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FLEXO Magazine : May 2012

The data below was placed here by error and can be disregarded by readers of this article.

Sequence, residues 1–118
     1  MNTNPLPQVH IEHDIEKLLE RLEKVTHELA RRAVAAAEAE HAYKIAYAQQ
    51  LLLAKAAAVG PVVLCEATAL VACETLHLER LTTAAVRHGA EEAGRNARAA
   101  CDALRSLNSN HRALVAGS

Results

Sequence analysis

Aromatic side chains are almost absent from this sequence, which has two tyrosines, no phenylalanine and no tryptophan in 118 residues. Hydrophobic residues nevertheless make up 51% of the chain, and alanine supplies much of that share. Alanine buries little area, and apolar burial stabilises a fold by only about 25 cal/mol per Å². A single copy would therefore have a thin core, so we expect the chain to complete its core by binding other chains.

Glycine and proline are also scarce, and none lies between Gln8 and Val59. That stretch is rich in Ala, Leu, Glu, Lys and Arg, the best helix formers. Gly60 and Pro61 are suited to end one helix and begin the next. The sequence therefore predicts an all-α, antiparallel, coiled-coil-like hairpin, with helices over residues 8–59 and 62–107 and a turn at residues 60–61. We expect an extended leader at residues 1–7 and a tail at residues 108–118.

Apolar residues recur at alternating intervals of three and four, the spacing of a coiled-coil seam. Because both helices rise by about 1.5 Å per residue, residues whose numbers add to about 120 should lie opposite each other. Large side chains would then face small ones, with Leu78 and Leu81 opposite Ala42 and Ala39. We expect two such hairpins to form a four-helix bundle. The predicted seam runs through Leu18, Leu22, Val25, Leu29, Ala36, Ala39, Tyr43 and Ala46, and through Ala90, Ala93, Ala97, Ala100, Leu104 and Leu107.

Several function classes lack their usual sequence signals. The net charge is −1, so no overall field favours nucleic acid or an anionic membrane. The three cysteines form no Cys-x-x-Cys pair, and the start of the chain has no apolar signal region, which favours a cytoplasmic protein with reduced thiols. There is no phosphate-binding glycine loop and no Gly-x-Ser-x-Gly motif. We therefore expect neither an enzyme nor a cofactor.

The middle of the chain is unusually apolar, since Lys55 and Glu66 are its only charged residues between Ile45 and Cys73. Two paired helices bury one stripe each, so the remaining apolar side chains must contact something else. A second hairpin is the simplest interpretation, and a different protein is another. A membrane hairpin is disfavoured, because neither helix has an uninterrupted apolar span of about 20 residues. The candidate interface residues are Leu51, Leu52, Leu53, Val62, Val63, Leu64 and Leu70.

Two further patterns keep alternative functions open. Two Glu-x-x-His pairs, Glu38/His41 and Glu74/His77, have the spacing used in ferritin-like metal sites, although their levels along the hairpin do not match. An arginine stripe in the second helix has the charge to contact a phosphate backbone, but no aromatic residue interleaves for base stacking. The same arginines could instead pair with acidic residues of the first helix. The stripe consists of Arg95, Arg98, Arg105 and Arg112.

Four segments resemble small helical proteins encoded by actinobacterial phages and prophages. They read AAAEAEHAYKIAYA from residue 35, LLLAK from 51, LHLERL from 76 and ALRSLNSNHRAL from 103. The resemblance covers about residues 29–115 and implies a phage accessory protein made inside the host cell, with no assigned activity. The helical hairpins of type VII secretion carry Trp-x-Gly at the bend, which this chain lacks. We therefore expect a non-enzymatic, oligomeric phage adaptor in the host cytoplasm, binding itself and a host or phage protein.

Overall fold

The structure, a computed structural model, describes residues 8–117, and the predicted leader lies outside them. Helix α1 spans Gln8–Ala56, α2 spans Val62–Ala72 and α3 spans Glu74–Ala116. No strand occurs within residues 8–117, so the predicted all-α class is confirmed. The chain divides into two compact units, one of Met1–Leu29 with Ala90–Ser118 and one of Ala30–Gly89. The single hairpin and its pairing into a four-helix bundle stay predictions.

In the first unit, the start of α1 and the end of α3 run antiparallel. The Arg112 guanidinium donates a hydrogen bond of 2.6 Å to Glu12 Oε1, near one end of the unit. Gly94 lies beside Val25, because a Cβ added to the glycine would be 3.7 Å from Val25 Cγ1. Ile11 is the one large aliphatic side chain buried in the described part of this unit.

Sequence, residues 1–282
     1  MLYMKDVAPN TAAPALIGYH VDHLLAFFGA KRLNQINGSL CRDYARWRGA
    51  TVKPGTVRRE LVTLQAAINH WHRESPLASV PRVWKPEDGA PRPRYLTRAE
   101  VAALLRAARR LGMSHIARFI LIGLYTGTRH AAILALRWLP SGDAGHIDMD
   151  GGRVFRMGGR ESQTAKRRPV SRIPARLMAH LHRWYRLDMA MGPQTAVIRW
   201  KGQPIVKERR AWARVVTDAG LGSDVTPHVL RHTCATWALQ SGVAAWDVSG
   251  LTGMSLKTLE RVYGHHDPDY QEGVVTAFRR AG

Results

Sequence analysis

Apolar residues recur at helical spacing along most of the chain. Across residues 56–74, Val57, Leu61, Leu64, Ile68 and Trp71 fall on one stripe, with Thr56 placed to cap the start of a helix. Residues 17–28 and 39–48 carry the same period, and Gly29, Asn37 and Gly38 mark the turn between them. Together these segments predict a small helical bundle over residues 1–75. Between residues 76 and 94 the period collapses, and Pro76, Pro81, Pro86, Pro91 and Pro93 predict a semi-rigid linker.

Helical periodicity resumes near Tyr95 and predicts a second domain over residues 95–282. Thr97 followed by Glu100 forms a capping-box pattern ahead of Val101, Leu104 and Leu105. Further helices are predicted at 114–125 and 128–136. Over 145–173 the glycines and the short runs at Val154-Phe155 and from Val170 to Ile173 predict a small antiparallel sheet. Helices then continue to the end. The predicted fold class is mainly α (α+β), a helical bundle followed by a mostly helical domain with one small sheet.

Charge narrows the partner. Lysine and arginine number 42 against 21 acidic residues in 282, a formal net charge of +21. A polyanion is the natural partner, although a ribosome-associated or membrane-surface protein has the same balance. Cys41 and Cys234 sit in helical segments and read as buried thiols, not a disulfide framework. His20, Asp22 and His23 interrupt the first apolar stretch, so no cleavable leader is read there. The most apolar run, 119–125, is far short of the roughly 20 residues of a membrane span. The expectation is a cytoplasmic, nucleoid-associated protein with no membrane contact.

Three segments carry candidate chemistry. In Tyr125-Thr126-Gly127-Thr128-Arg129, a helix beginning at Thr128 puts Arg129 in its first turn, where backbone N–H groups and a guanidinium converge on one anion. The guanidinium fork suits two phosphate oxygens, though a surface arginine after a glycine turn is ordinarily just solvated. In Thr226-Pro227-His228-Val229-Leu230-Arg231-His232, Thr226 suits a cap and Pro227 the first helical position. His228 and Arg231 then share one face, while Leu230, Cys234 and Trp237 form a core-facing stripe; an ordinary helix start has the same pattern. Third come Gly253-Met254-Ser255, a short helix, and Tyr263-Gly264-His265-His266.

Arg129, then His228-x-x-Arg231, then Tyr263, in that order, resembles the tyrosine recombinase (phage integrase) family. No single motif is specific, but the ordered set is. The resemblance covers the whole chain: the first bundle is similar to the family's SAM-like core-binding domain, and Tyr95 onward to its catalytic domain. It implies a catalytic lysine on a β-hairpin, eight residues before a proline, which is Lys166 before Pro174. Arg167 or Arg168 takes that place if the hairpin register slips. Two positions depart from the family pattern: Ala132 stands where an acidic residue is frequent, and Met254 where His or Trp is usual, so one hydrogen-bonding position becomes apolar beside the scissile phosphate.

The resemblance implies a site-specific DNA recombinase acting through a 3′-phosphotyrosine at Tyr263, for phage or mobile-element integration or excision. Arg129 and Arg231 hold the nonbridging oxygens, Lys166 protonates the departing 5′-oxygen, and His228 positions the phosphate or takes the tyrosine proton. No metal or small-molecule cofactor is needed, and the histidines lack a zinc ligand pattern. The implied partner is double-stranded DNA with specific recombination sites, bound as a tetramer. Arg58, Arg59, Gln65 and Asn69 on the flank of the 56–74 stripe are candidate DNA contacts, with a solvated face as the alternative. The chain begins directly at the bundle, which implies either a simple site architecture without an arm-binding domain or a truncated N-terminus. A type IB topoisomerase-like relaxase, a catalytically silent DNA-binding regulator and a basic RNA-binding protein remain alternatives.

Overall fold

• ASTM D5264-98 (2011) Standard Practice for Abrasion Resistance of Printed Materials by the Sutherland Rub Tester • ASTM D5181-09 Standard Test Method for Abrasion Resistance of Printed Matter by the GA-CAT Comprehensive Abrasion Tester • ASTM F2250-03 (2008) Many customers will have their own tests to consider as well. PRINTIBILITY & RESOLUBILITY The best ink in the world is only good if you can print it. When it comes to per- formance properties, be sure to keep practicality in mind. Some consider- ations need to be made with how well the inks can be printed. If you will need to stop the press every five minutes to clean the plates, can you really say that you have a valid solution? Every ink maker understands the importance of achieving properties on press. However, to expect to achieve extreme chemical resistance on thin films with a water-based ink right off the press, while maintaining fine detail line screens, may be a bit unrealistic. A lot can be done with an ink formulation in terms of resistance and resolubility, if you can give the ink a little time to cure before testing. Often, the distribution chain involves days between production of the printed product and the actual use of the printed product. Some amount of post-printing cure time could be allowed. Even UV curable inks, especially cationic UV inks, can often benefit with a small amount of post-cure time, known in the UV curable world as “dark cure.” The risk of losing materials and press time is always a consideration. But, there is often a bal- ance that can be achieved to allow bet- ter printability, while maintaining quality and performance of the final print and/ or package. The resolubility can be judged in a number of ways by checking how the ink performs on a Geiger press, or on an anilox roll over time; or by checking the dry rate of ink in relation to another. Ink setting on an anilox for a period of time is subjected to fresh ink. The amount of time taken to rewet the ink can be recorded. Performinmg this test with inks side-by-side, is often a good way in which to determine how the ink will print versus another. PRICING & PLANNING Pricing is often a touchy subject for everyone involved. Of course the ink consumer would like to spend less, while the ink supplier would like to see better margins. The reality is that it is better to know what pricing limitations will be involved before embarking on a new project. Many ink formulators have spent time working on projects only to find out later that there is a definite cost limitation. This results in a complete reformulation and unnecessary duplication of effort. It is better for everyone involved if cost limitations are discussed early on. In this article we have discussed some of the options available to determine if a particular ink is suited for a given ap- plication. As with any project, communi- cation is crucial for success. The ink sup- plier has many tools available to adjust the formula of an ink to meet the printer’s requirements for adhesion, resistance, printability and cost. Everyone involved must understand the expectations for the ink-substrate combination. n About the Author: James Ford is the se- nior chemist and special projects tech- nical manager for Color Resolutions International (CRI) in Fairfield, OH. Ford has worked at CRI for 11 years and has worked in the field of color for more than 20 years. He has a BS in Chemistry from Ohio Univer- sity, a Masters in Chemistry from University of Cincinnati and an MBA from Xavier University. www.flexography.org may 2012 FLEXO 47 What if there Were no more innovators? Since 1971 we have challenged our industry standard. We are Harper. The people that introduced the Ceramic Anilox Roll, the 60o Hex, and the SHARPER System TM . We think things like fidelity, reproduction quality and consistency, matter. We may not be trendy, but we’ll be here tomorrow just like our Anilox Rolls and other products. Which makes them worth every penny. You dig? Find out what’s new today at www.harperimage.com Americas 800.438.3111 firstname.lastname@example.org Europe +49(0) 5221.777.300 email@example.com Asia 662.138.6122 firstname.lastname@example.org